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Chapter II


     GERMAINE and her parents, and her Uncle Daboll and his wife, and their little son Jean, just one year younger than Germaine, were all at the station long before the train was due. The two children were fairly prancing with glee, while Raton leaped about no less excited. They were very fond of Marie, as was every one who knew her, for she was a gentle, kind­hearted girl, and though several years older than Germaine, they were great companions. This was her first year away from home, and Germaine had missed her sadly.

      “There she is,” cried Germaine, as the train pulled slowly in, and a young girl appeared at the window of one of the third-class carriages, waving her handkerchief, and throwing them kisses.

      Her father lifted her down, and every one kissed her twice, on either cheek, and amid much laughing and talking they walked toward Uncle Daboll’s house, while Raton danced in circles about them as if he had gone mad.

      “Oh, Marie,” cried Germaine and Jean in the same breath, “we have such a lovely surprise for you! You have heard, of course, of the grand ‘Norman Fêtes,’ which are to be held at Rouen next week! Well, just think, we are all going to see them, that is, you and Jean and me and uncle and aunt, and better still — how do you think we are going?” “Why, on the train, of course,” laughed Marie, “and won’t we have a good time.” “No,” spoke up Jean, quickly, “we are going a brand new way. What do you say to going on a barge on the river?” “A barge,” cried Marie, “but I thought no one was allowed to travel on the barges, except the people who ran them and lived on them.” “That is true,” said Germaine, “but uncle has fixed all that; you know he sends lots of brick to Rouen by the barges — one is being loaded up now at the quay, and he has arranged that we go on it to Rouen and stay on the barge while it is being unloaded, and see the fêtes. Then we will come back by train. Won’t it be glorious?” “And,” chimed in Jean, “ papa is going to tell us all about the history of these fêtes after dinner.”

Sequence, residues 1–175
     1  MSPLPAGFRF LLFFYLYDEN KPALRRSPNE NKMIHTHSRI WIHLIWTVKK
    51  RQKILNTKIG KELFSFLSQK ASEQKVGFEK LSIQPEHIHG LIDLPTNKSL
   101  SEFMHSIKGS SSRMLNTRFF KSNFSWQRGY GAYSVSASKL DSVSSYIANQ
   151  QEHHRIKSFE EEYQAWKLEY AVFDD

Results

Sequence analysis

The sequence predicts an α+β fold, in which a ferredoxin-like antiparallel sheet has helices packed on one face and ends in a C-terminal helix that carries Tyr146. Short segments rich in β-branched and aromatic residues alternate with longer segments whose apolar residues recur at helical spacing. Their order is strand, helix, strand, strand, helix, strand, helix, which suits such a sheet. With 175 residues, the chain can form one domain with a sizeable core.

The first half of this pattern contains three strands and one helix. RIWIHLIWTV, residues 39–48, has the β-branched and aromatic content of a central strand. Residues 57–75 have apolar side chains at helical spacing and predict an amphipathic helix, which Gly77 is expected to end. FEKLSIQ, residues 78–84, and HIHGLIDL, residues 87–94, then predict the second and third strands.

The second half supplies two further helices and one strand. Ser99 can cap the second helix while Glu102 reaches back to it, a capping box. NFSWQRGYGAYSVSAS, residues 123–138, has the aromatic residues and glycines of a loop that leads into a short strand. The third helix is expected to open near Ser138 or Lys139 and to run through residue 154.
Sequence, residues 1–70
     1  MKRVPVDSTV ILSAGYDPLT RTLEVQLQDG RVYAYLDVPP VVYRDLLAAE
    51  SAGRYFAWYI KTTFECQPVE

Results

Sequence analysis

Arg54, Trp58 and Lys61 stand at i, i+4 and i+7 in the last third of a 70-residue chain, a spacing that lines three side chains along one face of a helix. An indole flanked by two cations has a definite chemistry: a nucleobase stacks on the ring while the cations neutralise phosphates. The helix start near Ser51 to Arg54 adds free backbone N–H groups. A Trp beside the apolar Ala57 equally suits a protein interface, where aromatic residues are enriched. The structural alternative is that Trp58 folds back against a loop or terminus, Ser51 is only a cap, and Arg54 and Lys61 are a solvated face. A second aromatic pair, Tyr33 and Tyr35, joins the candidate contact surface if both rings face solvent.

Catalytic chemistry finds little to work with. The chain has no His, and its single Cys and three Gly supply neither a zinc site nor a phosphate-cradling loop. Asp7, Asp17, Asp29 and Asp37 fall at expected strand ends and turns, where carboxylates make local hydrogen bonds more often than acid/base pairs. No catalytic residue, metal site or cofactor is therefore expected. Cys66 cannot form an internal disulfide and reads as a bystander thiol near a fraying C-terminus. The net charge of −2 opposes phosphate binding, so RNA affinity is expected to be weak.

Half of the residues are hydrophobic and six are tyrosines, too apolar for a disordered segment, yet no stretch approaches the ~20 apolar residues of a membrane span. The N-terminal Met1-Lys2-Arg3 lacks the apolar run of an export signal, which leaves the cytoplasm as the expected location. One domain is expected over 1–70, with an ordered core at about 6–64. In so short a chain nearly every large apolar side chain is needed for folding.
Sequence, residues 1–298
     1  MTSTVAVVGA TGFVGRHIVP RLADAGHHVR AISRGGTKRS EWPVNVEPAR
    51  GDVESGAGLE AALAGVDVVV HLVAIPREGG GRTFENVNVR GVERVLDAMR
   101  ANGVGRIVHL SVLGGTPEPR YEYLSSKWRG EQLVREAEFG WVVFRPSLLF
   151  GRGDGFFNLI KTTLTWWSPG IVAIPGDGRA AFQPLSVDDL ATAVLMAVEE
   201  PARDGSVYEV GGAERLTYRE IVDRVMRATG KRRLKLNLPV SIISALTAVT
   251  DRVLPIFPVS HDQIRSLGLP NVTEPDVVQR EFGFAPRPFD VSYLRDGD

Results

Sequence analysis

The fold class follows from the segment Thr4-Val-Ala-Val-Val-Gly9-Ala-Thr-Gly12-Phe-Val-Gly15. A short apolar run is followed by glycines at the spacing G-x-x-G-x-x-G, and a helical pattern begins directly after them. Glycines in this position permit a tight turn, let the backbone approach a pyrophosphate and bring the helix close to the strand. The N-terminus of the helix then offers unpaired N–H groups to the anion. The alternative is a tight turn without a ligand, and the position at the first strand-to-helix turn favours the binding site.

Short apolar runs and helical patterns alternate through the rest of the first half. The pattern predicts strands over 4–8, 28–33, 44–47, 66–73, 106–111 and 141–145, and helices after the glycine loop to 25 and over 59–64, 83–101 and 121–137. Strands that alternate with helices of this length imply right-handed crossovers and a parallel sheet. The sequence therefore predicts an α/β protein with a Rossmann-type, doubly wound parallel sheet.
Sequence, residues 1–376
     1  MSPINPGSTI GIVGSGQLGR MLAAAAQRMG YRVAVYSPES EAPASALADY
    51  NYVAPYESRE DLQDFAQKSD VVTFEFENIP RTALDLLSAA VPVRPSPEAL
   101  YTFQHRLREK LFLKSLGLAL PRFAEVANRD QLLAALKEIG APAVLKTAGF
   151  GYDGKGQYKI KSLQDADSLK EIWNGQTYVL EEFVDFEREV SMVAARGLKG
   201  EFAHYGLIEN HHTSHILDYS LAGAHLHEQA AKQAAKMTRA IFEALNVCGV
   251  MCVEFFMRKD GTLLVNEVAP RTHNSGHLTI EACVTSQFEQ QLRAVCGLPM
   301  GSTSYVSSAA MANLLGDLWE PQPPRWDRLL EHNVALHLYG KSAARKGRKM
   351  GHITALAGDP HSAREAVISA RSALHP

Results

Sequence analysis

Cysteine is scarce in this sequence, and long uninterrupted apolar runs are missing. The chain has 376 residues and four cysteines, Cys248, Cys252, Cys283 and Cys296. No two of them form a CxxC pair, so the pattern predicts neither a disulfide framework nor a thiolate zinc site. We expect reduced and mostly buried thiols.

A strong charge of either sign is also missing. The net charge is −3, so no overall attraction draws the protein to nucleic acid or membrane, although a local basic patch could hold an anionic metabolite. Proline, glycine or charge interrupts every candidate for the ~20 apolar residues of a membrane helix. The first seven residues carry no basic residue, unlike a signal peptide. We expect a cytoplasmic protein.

M. Daboll’s home was a neat little cottage, with its upper part of black beams and white plaster, and a pretty red-tiled roof, the ground floor being of stone. M. Daboll owned a large brick-kiln, and was quite well-to-do.

      They all gathered for dinner about a round table in an arbour that overlooked the river. The arbour was ingeniously formed by training the branches of two trees and interlacing them as if they were vines, which gave complete shelter from the sun.